NCL letter to Subcommittee on Crime and Terrorism on ransomware – National Consumers League

May 17, 2016

The Honorable Lindsey Graham
Subcommittee on Crime and Terrorism
Committee on the Judiciary
United States Senate
224 Dirksen Senate Office Building
Washington, DC 20510

The Honorable Sheldon Whitehouse
Ranking Member
Subcommittee on Crime and Terrorism
Committee on the Judiciary
United States Senate
224 Dirksen Senate Office Building
Washington, DC 20510

RE: Senate Subcommittee on Crime and Terrorism Hearing on “Ransomware: Understanding the Threat and Exploring Solutions”

Dear Senators Graham and Whitehouse:

Ransomware has rapidly developed into a major threat to both consumers and businesses.  In the first three months of 2016, cyber criminals have extorted a reported $209 million from businesses, industry and consumers, up from $24 million in all of 2015.[1]  If this pace continues, hackers will collect $1 billion from business and consumers this year.[2] The rise of ransomware has had a detrimental effect on commerce and consumers as hackers have demanded ransoms and halted operations at schools,[3] government agencies,[4] small businesses,[5] utilities[6] and hospitals in growing numbers across the country. 

Ransomware can cost its victims more than just money. In March, MedStar Health, a $5 billion health care provider suffered a ransomware attack that prevented the hospital from accessing email and health records, resulting in many patients in need of treatment being turned away.[7] Likewise, Hollywood Presbyterian Hospital recently faced a similar attack and was forced to pay $17,000 to hackers if they wanted to regain access to their clients’ medical records. [8]

While ransomware is a grave threat, it is but one symptom of the larger threat that a lack of data security poses to consumers and organizations. To significantly reduce the risk of ransomware and other online threats, we urge the subcommittee to consider the legislative steps that NCL outlined in our 2015 Congressional Data Security Agenda.[9] In particular, we urge the subcommittee to support solutions that:

  • grant the Federal Trade Commission the authority they need to protect consumer’s data by granting the Commission civil penalty authority and clarifying its role as the primary authority in data protection; 
  • require data holders to abide by reasonable data security requirements that would stem not only ransomware attacks but which would also prevent data breaches that cause the loss of consumer data that cyber criminals use to steal identities; 
  • increase federal civil and criminal penalties for hacking to deter potential cyber criminals; and
  • Promote robust cyber insurance underwriting standards.

Many of these protections have already been proposed in several bills this Congress. In particular, we note Senator Leahy’s Consumer Privacy Protection Act of 2015 is supported by NCL [10] and numerous consumer and public interest organizations.[11][12][13][14]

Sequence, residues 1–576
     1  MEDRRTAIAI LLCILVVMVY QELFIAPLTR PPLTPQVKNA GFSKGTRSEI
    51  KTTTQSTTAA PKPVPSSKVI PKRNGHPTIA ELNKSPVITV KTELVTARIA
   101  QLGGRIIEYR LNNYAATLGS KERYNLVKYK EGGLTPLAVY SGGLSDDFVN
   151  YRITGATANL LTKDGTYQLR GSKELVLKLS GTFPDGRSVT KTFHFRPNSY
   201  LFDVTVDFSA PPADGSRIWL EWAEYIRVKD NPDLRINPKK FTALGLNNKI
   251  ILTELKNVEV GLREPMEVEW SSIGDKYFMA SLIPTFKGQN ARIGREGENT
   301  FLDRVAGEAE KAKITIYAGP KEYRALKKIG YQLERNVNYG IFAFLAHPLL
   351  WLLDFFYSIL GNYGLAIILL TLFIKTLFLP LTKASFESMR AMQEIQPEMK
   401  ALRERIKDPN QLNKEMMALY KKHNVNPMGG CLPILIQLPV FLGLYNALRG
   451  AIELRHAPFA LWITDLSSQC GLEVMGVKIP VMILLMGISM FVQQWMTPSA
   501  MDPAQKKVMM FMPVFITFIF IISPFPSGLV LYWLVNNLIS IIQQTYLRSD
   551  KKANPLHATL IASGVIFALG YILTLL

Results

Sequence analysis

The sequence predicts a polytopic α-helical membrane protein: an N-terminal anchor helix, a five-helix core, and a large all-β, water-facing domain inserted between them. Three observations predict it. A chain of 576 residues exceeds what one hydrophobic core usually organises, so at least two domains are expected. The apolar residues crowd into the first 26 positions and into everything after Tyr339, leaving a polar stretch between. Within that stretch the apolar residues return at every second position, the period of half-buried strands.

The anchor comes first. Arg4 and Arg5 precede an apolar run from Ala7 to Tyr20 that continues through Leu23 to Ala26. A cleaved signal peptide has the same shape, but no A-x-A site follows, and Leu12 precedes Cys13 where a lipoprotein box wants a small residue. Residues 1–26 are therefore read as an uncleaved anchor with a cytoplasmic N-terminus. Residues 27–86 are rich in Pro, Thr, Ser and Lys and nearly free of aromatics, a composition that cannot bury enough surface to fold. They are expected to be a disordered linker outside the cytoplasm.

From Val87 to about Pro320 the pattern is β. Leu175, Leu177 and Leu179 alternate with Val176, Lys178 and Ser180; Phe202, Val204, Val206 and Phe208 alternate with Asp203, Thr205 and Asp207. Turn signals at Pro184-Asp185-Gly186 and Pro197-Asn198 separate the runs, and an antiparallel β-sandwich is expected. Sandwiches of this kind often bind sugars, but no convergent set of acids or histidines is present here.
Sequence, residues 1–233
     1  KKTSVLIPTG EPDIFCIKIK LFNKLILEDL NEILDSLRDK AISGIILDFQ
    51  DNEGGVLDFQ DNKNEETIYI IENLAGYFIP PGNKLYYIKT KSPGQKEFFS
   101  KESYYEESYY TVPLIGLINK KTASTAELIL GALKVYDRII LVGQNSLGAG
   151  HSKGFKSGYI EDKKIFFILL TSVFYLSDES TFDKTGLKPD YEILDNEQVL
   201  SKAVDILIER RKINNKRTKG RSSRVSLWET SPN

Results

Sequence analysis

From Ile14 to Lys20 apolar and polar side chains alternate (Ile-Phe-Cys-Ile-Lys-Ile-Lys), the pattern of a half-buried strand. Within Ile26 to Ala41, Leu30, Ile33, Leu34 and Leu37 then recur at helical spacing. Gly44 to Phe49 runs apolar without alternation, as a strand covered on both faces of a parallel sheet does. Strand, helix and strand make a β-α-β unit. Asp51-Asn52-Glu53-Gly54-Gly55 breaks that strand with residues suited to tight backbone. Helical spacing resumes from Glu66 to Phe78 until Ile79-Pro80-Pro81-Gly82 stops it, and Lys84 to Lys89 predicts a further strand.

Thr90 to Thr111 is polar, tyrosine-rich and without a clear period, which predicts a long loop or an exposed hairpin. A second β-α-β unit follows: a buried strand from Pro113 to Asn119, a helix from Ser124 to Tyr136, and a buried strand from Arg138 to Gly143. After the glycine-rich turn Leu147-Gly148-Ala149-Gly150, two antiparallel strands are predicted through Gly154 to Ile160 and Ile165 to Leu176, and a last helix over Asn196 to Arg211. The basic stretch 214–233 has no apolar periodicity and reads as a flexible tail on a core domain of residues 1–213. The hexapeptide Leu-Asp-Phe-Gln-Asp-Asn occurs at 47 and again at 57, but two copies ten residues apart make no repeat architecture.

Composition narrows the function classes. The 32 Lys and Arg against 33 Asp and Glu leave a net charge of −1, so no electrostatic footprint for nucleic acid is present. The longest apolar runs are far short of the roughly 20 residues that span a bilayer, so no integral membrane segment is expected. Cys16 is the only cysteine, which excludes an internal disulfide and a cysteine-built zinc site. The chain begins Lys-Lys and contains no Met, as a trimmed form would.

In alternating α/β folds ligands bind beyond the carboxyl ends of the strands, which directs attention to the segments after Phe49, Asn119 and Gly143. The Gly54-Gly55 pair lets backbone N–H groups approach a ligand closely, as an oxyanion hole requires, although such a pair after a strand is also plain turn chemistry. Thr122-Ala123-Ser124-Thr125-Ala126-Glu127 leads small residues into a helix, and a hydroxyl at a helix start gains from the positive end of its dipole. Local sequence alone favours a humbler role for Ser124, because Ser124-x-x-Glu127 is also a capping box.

We urge you to support the proposals we have outlined in this letter as you explore solutions to the growing threat ransomware poses to consumers and commerce.


Sally Greenberg
Executive Director
National Consumers League

[1]Finkle, Jim. “Ransomware: Extortionist hackers borrow customer-service tactics,” Reuters. April 12, 2016. Online:

[2] Fitzpatrick, David and Griffin, Drew. “Cyber-extortion losses skyrocket, says FBI,” CNN Money. April 15, 2016. Online:

[3] Fitzpatrick, David, and Drew Griffin. “Ransomware’ Crime Wave Growing.” CNN Money. April 4, 2016.

[4]  Bennett, Cory. “DHS: Ransomware Attacks Widely Targeting Feds.” The Hill. March 30, 2016. 

[5] Simon, Ruth. “Ransomware’ a Growing Threat to Small Businesses.” Wall Street Journal. April 15, 2015.

[6] Smith. “Ransomware Attack Forces Michigan Utility to Shut down Systems, Phone Lines, Email.” Networkworld. May 1, 2016.

[7] Cox, John Woodrow. “MedStar Health Turns Away Patients after Likely Ransomware Cyber Attack.” Washington Post. March 29, 2016.

[8]McLaughlin, Jenna. “Hackers Attempt to Hold Capitol Hill Data for Ransom.” The Intercept. May 10, 2016.

[9] “2015 Congressional Data Security Agenda: A To-Do List for the 114th Congress.” SlideShare. December 9, 2014.

[10] “National Consumers League Statement on Introduction of Consumer Privacy Protection Act of 2015.” National Consumers League. April 30, 2015.

[11] Bradshaw, Alex. “Consumer Privacy Protection Act is Data Breach Legislation We Can Support,” Center for Democracy and Technology. April 30, 2015. Online:

[12] Stella, Shiva. “Public Knowledge Supports the Consumer Privacy Protection Act of 2015,” Public Knowledge. April 30, 2015. Online:

[13] Consumer Watchdog. “Consumer Watchdog Backs Consumer Privacy Protection Act Introduced By Sen. Leahy,” Press Release. April 30, 2015. Online:

[14] Consumer Federation of America. “Statement from Susan Grant, Director of Consumer Protection and Privacy Concerning the Consumer Privacy Protection Act of 2015,” Press Release. April 30, 2015. Online: